Working on the frontline: “The Covid test was thirty seconds of complete pain and discomfort”

I am a 24-year-old journalist working on the frontline during the pandemic. It was early hours of May 7, and I was showing symptoms of coronavirus. I had a high temperature and a new, continuous cough that kept me up the whole night.

Afraid that it could potentially be the disease, I rang emergency services and paramedics were there within an hour. Breathing became a chore, the insides of my lungs were desperate for more oxygen. It felt as if all the air had been sucked out of the room, and I was left struggling to breathe.

After the paramedics left, I booked a Covid test online and was allocated to Sparsholt College, near Winchester. I received a text message that said my appointment would be at 11.30am. The drive was taxing, and I ended up in the middle of a random field, thanks to typing in the direct postcode on the sat nav.

Minutes before my appointment was about to take place, I found Sparsholt College and saw a group of army personnel efficiently giving out tests to drivers. Two of them were inside the back of their army truck, methodically finding and allocating tests, ready to distribute it to the public. The instructions to the test were unclear and confusing and it took three attempts to understand what to do.

If there was a problem, I was told to beep on my horn for assistance. Due to the confusion caused by the misleading information on the nine page pamphlet, I was given a second test as the tissue was disposed of in the wrong way. Under strict rules to keep the window closed during the test, I inserted a swab deep through my nostrils.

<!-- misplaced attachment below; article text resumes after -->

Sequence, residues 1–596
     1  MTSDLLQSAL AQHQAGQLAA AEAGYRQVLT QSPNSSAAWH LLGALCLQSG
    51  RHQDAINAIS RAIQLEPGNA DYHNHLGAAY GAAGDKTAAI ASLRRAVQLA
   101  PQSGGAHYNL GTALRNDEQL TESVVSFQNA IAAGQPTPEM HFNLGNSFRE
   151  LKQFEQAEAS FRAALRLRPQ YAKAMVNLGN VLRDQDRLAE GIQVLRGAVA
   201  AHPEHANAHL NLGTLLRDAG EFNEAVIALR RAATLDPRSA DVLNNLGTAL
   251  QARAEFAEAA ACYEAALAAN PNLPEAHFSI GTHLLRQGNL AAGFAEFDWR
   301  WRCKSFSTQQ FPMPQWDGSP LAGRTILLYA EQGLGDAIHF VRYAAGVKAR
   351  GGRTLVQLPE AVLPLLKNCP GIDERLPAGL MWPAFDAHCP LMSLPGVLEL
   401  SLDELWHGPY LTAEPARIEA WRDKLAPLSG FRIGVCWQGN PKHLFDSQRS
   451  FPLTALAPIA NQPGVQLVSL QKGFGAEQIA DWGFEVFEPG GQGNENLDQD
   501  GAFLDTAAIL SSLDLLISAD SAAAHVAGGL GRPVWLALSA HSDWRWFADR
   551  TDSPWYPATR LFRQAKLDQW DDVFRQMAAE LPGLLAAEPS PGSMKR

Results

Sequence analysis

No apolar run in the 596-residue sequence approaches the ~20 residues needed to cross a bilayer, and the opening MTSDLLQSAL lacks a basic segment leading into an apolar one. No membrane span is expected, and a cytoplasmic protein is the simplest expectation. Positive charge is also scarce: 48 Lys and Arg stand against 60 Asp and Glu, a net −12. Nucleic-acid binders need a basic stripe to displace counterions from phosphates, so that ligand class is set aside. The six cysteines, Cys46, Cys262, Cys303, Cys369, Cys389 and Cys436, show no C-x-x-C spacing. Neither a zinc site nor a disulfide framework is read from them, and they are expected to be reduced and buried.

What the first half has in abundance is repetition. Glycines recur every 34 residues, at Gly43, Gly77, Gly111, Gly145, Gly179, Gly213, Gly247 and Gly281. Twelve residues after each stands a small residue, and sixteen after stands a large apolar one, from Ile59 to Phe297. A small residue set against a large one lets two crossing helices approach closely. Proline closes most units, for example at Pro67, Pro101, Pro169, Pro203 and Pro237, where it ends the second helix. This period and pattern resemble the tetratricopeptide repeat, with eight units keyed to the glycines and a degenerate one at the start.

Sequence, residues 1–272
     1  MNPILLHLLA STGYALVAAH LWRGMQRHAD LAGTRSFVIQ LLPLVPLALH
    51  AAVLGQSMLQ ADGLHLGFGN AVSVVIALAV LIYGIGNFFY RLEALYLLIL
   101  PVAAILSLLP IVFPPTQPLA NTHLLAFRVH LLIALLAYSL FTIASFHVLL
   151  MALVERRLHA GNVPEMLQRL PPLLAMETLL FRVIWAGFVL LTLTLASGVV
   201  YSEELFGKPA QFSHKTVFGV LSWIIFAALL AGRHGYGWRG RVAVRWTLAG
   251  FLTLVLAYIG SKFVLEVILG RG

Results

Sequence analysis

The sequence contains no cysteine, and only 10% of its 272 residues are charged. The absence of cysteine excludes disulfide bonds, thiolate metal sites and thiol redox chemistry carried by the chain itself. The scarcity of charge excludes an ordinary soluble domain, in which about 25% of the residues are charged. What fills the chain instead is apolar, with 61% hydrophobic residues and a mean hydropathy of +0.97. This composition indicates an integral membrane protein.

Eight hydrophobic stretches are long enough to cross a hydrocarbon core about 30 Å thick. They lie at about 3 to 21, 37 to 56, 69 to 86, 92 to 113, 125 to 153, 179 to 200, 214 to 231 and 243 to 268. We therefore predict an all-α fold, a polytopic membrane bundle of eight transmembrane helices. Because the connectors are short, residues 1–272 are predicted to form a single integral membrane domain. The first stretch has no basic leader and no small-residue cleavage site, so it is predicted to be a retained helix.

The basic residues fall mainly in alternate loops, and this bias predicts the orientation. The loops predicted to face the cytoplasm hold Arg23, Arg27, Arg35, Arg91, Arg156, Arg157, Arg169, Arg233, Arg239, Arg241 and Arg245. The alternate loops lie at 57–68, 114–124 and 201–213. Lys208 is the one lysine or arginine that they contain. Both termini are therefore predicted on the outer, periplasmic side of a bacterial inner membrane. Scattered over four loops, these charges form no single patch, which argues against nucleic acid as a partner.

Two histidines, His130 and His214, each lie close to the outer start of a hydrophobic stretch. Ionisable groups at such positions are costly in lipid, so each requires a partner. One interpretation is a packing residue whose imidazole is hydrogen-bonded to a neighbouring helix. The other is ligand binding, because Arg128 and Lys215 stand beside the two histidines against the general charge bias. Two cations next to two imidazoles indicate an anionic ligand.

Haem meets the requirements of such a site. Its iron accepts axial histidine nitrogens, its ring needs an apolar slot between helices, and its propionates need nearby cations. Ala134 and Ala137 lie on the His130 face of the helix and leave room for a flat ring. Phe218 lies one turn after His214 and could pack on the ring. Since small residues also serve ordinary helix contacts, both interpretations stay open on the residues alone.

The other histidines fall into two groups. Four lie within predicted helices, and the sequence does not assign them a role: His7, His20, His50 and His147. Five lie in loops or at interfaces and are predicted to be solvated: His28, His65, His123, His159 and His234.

It was kind of like breathing in water through your nose. Unfortunately, I had a gagging reflex and threw up in the car once the swab was forced down the back of my throat. It was thirty seconds of complete pain and discomfort.

I finally packaged all the swabs and tissues in a sealed bag and drove to the entrance to hand over the contents to the army. Test results would be available from 24 hours onwards, depending on the location. To my relief, I did not have to wait too long and tested NEGATIVE for coronavirus 48 hours later.

It was at this point I realised that the disease could claim anyone's life, including my own.

Coronavirus is not interested in how old you are or what you do, it could target the young, elderly and vulnerable and is relentless in its pursuit of claiming lives.

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